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Offensive line in play for Steelers in first round

| Friday, Feb. 26, 2016, 7:09 p.m.
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Stanford's Joshua Garnett celebrates with the fans after the Cardinal defeated Iowa, 45-16, in the Rose Bowl on Jan. 1, 2016, at the Rose Bowl in Pasadena, Calif.

INDIANAPOLIS — At times last year, the Steelers had four No. 1 draft picks starting at linebacker. Next year, it is possible they could have three first-rounders on the interior of their offensive line if, as general manager Kevin Colbert likes to say, the draft breaks that way.

And it well could.

The Steelers have more pressing needs like to upgrade their cornerbacks and finding a replacement for retired tight end Heath Miller, but that might not happen early in this draft. The Steelers haven't picked in a cornerback in the first round in nearly 20 years and there are slim pickings at tight ends once you get past Arkansas' Hunter Henry.

That brings the offensive line into play — especially guards — in the first round, especially with veteran left guard Ramon Foster, 30, being an unrestricted free agent and the uncertainty whether the Steelers want to sign him to a contract extension that would likely be much more significant than the bargain-basement deal he signed three years ago worth $5.5 million.

The Steelers have Cody Wallace, who started 16 games at center last year, and Chris Hubbard as potential left guards, but neither are long-term answers.

Stanford's Josh Garnett would be a long-term answer.

Garnett (6-foot-4, 312) is the most today-ready guard in the draft and is a prototypical Steelers-type offensive lineman — athletic, smart and nasty.

Actually, sometimes too nasty.

“That's something that teams are really interested in, my aggressiveness,” Garnett said. “Something I need to work on, conversely, is not being too aggressive in pass pro situations. I want to just lock on somebody and finish them.”

Garnett has a saying for that — “Run through their souls.”

“A lot guys want to get in space against smaller, quicker guys and just want to chop down on them,” Garnett said. “You've got to run through them. Just run through their soul and hopefully, if you hit them, they're going to go down.”

Garnett showed good speed on Friday running 5.30 and 5.32 in the 40-yard dash along with his strength (30 reps on the bench).

“I feel like my strengths are my ability to finish blocks and my ability to get into blocks,” Garnett said. “That was something I really prided myself in, my ability to down block, my pulling ability, my ability to get on blocks and really finish people.”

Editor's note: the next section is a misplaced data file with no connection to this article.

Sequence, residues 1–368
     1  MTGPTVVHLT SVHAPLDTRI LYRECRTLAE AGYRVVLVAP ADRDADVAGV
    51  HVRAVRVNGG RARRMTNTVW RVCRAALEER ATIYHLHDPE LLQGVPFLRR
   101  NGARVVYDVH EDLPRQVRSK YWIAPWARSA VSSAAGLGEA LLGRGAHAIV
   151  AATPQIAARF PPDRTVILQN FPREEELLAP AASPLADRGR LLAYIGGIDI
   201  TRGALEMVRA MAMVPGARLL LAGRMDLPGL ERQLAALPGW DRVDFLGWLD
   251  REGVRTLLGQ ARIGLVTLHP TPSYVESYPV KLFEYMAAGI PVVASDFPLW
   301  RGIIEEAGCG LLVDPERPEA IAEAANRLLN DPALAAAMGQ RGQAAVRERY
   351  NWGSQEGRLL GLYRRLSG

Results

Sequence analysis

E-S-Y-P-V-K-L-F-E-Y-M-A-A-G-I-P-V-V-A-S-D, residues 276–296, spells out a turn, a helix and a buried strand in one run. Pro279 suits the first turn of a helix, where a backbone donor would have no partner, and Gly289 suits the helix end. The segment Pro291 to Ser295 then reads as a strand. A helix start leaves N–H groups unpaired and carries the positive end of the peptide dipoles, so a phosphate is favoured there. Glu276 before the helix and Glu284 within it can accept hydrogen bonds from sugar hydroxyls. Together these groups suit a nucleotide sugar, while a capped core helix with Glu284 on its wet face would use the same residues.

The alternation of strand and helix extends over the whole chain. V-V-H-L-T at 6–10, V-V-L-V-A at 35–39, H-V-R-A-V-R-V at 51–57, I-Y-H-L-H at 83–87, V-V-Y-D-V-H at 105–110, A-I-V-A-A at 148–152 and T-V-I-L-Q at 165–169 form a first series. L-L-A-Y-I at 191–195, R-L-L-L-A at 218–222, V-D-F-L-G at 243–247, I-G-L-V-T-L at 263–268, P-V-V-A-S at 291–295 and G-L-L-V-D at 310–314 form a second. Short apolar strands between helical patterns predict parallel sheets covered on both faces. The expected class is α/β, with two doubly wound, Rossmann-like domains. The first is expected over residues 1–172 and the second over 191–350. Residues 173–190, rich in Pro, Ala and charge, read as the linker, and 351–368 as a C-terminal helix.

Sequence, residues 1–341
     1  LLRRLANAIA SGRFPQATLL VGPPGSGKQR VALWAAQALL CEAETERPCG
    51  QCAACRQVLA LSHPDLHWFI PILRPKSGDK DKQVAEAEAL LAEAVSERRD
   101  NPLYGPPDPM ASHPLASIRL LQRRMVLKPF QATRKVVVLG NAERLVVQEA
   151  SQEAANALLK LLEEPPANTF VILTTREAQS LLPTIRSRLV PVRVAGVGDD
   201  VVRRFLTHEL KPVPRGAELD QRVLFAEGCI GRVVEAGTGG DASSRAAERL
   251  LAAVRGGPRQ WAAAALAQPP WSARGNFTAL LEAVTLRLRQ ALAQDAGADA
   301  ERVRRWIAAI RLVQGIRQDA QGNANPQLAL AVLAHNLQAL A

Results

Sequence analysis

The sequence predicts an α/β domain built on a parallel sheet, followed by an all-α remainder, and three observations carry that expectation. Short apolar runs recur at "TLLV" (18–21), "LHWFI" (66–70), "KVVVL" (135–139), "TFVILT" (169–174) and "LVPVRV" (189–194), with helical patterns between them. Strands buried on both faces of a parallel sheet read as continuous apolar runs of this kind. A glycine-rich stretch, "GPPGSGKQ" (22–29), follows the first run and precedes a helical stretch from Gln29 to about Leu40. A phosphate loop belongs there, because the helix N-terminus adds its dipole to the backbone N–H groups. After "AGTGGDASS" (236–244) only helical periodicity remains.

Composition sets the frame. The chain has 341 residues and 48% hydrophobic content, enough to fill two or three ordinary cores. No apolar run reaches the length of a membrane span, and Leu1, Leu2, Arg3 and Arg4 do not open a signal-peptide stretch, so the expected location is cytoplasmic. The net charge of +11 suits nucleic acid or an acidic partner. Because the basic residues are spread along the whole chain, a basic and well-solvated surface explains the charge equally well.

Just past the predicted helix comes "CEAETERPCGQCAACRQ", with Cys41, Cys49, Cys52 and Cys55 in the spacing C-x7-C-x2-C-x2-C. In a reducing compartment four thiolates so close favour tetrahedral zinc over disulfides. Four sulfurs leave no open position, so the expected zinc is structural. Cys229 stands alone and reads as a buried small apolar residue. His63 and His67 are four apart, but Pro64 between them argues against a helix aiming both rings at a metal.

But where Garnett, the Outland Trophy winner, has a lot of his competitors beat is the systems he comes from.

Stanford runs a pro-style offense that has produced offensive linemen who can come in and play immediately. Over the past few years, the Cardinal have produced Andrus Peet, Jonathan Martin, Cameron Fleming, David Yankey and Steelers right guard David DeCastro.

“Don't think for one second we don't use that as a recruiting tool,” Stanford offensive coordinator Mike Bloomgren told ESPN.com last week. “You want to come here and play real football. The kind of football guys in the National Football League know how to evaluate. That's what we do.”

There are plenty of options early in the draft if the Steelers want to address their guard position. Tackles Marcus Gilbert and Alejandro Villanueva seemed entrenched as starters as well as center Maurkice Pouncey. The Steelers will likely sign DeCastro to a long-term extension in the spring after picking up the fifth-year option on his rookie deal last April, leaving only left guard a potential issue.

Kansas State's Cody Whitehair is being projected as a guard but played both tackle positions in college. LSU's Vadal Alexander played guard as a junior but moved to tackle last year. Arizona State's Christian Westermann is also an athletic guard who could play right away.

Another top pick on the offensive line could solidify the unit for years, especially under line coach Mike Munchak.

Munchak, a Hall of Fame guard in his days with the Oilers, has been able to transform a weak spot of the team into a strength. Now, he does have a good pedigree to work with — a pair of No. 1 picks (Pouncey and DeCastro) and a second-rounder (Gilbert).

“How that offensive line has played is a real testament to Munchak,” NFL analysts and former offensive lineman Shaun O'Hara said. “He is a former player, and you love having a somebody like that in the grind with you.”

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